Statoil CEO: Oil industry has itself to blame for decline in students

Statoil's officesStatoil's offices in Martin Linge way at Fornebu. Photo: Terje Pedersen / NTB scanpix

Students flee from petroleum-related courses, and several studies barely have enough applicants to fill the available places of the studies. Statoil’s HR director believes the industry appears to be too unpredictable for the students.

The oil and gas industry has itself to blame for the poor number of applicants,  HR director Magne Hovden says according to TU.
Hovden points out that Statoil will remain a major player in the future and that the company is dependent having people in their employ with the required expertise.
– As it is, we see that many students are thinking short term. We notice that there are fewer who are interested in science, there are fewer classes with petroleum subjects, he said.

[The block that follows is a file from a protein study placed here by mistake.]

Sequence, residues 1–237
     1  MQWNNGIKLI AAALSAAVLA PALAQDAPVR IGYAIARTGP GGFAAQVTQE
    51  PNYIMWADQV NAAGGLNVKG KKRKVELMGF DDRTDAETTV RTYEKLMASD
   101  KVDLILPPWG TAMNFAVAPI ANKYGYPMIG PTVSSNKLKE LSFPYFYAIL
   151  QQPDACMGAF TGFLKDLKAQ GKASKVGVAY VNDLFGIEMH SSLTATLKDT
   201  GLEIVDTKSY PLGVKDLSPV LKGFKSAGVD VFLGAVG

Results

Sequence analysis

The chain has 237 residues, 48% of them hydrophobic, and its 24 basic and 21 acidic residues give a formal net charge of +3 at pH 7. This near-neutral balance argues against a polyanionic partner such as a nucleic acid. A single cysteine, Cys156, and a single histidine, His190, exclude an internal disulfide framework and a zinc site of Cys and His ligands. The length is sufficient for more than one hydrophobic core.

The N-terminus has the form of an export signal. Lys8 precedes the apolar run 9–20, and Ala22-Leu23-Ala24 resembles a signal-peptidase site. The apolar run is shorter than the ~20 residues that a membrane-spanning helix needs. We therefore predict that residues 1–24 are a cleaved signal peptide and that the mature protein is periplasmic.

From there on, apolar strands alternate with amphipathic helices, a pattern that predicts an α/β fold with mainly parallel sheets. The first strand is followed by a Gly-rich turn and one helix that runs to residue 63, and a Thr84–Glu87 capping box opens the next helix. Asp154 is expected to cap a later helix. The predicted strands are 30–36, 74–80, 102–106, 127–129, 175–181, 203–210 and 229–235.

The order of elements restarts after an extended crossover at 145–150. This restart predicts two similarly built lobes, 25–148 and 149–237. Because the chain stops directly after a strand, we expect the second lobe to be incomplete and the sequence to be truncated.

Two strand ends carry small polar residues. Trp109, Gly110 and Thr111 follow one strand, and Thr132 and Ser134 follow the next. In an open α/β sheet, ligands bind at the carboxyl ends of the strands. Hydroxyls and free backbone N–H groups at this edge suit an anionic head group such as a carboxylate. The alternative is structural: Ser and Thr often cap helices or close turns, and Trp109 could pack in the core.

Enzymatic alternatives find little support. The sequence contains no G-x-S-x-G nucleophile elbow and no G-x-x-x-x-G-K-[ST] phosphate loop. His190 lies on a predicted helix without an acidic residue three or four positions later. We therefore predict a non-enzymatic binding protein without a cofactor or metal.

He believes that the players in the oil and gas industry have to work together and take steps to stop the student . That means continuing to recruit young graduates, accept apprentices and summer temps. And the industry must be present on educational institutions to meet the students.
– We have to tell them and show them that the oil sector still has much offer. Students should choose their studies based on where they want to work and what kind of work they want to do,  because when they are fully trained about three to five years,  the labor market may be completely different from the way it is today,  Hovden says.

 

Source: NTB scanpix / Norway Today

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